Executive Function and Online Learning

In a typical school year, students tend to settle into classroom expectations and routines by springtime. This year has been anything but typical. With the radically different context and expectations of online learning, your students may still be trying to adjust. Context matters for executive function. To help students succeed in an online learning setting, executive function demands must be consistent and transparent.

Where is my homework again?

Do not assume that students know how to find important information on their class websites or their school’s learning management system. While some students may seamlessly navigate these websites (even teaching you a few tricks), other students may find simple tasks quite challenging and give up when they feel overloaded by information. Provide explicit modeling to ensure that all students can find their homework, participate in discussion, turn in their work, and check their grades. Some students may require more coordination and executive function support. Keep your communication systems simple and consistent; it makes a big difference. Place teacher announcements in one designated spot, rather than scattering them across email announcements, discussion board posts, and in-person announcements.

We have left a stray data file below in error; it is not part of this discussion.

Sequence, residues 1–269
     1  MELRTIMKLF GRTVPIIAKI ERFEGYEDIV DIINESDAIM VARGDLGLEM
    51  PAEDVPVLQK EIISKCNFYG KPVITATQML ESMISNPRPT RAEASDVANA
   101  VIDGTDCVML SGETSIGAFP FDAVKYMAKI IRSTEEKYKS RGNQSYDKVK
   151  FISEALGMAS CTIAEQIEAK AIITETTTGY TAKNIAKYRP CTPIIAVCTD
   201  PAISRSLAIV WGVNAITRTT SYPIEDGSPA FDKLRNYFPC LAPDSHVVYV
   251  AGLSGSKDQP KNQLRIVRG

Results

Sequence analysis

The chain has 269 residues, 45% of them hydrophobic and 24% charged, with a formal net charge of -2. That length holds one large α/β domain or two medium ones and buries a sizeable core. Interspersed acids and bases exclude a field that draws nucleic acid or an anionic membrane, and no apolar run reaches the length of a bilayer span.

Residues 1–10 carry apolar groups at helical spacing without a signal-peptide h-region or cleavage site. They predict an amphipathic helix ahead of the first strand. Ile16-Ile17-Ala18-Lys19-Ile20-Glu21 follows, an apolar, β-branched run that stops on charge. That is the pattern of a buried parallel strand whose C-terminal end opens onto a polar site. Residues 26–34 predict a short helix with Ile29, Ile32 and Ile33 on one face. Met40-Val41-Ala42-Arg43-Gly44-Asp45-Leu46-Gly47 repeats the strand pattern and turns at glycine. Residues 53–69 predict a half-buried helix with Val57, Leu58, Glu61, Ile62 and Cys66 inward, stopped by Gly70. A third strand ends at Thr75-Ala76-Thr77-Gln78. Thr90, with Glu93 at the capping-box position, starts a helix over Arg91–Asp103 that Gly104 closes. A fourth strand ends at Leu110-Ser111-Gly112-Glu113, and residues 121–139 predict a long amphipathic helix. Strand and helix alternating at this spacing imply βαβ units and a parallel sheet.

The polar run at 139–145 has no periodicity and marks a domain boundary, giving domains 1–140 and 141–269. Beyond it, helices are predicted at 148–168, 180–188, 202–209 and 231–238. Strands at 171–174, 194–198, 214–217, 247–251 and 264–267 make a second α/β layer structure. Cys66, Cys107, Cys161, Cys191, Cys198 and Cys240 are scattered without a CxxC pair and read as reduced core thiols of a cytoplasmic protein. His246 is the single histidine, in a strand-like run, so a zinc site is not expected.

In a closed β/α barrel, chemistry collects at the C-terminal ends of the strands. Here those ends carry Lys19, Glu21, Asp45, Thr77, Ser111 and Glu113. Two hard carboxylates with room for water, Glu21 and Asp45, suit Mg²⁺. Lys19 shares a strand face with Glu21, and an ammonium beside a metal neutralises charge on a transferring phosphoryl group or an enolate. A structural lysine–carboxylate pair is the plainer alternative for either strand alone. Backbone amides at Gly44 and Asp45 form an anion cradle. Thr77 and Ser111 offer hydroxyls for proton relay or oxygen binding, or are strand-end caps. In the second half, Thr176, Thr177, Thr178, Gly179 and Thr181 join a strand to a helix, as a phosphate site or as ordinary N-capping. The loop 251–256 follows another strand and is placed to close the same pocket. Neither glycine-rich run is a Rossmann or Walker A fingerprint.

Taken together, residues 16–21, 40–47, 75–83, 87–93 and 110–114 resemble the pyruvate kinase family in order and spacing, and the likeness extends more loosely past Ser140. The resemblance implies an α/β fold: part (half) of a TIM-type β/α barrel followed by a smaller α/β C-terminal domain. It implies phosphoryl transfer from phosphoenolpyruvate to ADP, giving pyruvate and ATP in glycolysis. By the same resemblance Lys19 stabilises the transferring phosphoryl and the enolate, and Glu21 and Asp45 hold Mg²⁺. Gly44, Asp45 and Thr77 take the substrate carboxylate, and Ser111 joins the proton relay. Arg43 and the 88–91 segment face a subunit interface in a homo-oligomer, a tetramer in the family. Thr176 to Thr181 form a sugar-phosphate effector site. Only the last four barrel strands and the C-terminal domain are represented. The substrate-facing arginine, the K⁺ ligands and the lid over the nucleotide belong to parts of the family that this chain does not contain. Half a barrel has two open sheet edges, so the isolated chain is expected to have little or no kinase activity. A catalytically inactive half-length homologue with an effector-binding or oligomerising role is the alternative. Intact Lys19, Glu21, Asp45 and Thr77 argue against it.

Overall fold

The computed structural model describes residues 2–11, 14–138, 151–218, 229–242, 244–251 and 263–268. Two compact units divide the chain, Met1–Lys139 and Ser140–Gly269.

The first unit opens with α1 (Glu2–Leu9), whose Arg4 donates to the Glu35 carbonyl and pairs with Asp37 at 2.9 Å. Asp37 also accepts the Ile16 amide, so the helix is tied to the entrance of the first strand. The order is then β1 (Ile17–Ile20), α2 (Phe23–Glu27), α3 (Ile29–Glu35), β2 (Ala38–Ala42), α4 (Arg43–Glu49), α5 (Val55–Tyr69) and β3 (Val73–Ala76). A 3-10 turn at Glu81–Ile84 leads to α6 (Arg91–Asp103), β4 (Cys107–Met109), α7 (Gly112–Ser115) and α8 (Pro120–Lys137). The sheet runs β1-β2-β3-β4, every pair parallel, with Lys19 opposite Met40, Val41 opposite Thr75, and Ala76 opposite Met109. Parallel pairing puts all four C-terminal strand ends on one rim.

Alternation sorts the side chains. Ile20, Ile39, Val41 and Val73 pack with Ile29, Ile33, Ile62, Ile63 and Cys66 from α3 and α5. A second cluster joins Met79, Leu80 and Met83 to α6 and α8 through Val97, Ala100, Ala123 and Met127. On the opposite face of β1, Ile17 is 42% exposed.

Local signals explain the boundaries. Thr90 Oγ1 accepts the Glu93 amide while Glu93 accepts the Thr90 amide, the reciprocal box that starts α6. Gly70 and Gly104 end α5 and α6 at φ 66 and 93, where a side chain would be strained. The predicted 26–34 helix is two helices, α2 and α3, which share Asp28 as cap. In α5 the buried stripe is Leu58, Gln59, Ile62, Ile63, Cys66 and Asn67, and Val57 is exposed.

I need help!

When teaching online, it can be difficult to determine when and where a student needs extra support. Students are more isolated from their teachers and peers, making them reluctant to ask for help. Some students may not even know where to begin asking for help. By conducting brief check-ins (via a Zoom poll or Google form), you can discern how comfortable students are navigating the online resources for their classes or if they are still experiencing information overload. It is never too late to open channels of communication and allow students to share their perspectives; this can ensure all learners feel heard and supported.

Our latest free webinar, “Executive Function Challenges and Solutions: Shifting Between Remote to In-Person Instruction,” offers a number of tips and tools for teachers to support students’ executive function in the current learning context.

For more ideas about supporting students during remote learning, check out these posts.

  • Caitlin Vanderberg, SMARTS Intern

SMARTS Executive Function Curriculum: smarts-ef.org

Research Institute for Learning and Development: researchild.org

The Institute for Learning and Development: ildlex.org